To help prepare the entire supply chain for the heating season, many distributors are increasing their training and marketing efforts.
“At Meier Supply, one of our primary value-added features is training,” Norton says. “It plays an important role in helping build our customers’ confidence. We have a full slate of heating-related training programs put in place, so we’re promoting them and talking to customers about them, whether they’re specific to our brand or something along the lines of some generic heating controls. It’s not all proprietary. Another thing that helps drive that all is the fact that the technology is increasingly complex. So, it’s important for us to provide the training and even more important that they embrace and participate in it.”
Roberts says they are concentrating on training as well as marketing.
“We’re ramping up and scheduling a lot of customer-appreciation events, getting them into our stores — just having free lunches, open houses and that sort of thing to get their buying habits established and make sure they’re feeling love at the same time that they’re coming into our locations to see what we have to offer,” she says. “We also are increasing our marketing efforts to support our customers as they get ready for fall tune-ups and heating season.
“For training, we do product-based on the technical side — troubleshooting, installation training on products — and then we do that on our new products,” Roberts continued. “We’ll do some technical-based training on refrigeration products, and then we do some business training, too. So we’ll do a job-costing class at some point this winter, and we’ll do a load-calculation duct-design training class that is more on the application side of things. We are in the midst of doing a business consulting training for our customers, as well — accounting, financials, sales, and that kind of thing.”
She adds that they also offer a turnkey direct-mail service for their customers. “We’re building our brand and advertising on TV in our major markets, and online digital advertising on major websites and news outlets as well as major markets, so we can direct traffic to our dealers.”
Variables in Play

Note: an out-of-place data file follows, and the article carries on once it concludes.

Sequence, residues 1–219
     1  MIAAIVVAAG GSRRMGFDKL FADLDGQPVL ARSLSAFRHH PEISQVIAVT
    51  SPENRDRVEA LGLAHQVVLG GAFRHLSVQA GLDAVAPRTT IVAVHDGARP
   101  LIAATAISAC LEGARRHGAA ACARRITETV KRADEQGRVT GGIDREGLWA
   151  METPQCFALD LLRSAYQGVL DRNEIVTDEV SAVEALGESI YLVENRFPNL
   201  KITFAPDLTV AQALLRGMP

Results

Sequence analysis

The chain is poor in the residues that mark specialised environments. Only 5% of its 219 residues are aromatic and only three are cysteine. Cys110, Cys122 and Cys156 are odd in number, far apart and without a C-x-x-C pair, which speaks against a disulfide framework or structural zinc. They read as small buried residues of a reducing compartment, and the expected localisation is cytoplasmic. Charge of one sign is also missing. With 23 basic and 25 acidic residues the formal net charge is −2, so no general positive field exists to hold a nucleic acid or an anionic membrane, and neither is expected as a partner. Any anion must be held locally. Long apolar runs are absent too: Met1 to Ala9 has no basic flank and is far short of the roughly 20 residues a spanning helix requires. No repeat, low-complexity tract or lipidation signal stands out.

Of all the things that can affect furnace sales for distributors, perhaps the most unpredictable is the weather, though fuel costs play a role, too.
“A variable that would drive sales is higher fuel costs,” Loftus says. “This stuff is like buying a car; there are more pickup truck sales when gasoline is $2 per gallon and more Prius sales when gas is $4 per gallon. Modest energy costs are not inspiring a drive to higher efficiency.”
Roberts agrees that the current lower fuel prices may put a damper on high-efficiency furnace sales, at least temporarily. “There’s not as much of a push toward the higher-efficiency purchases because fuel prices are low, and we’re seeing a lot of that, too, just having a lot of baseline-efficiency sales — 80 percent AFUE furnaces and 13 SEER A/C units.”
However, Norton begs to differ and believes that low fuel costs do not necessarily dissuade people from installing high-efficiency furnaces.
“When people get burned once or twice, they’re not going to let it happen again,” he says. “I get that fuel prices are down, but I don’t know if that affects the long-term thought that it’s going up. And heating your house is expensive.
“Dealers need to know how to sell the return on investment to the homeowner so they realize and understand what they’re going to get back by making an investment in a higher-efficiency furnace,” Norton continues. “Our ratio of 80-plus AFUE furnaces to high-efficiency furnaces has changed and turned around completely in the past 10 years, and a lot of that is driven by the fact that a condensing furnace is no longer that much more expensive to be installed compared with an 80 percent AFUE furnace. They’re much more affordable than they used to be, and even with the fuel prices, people are much more aware of what they’re investing in.”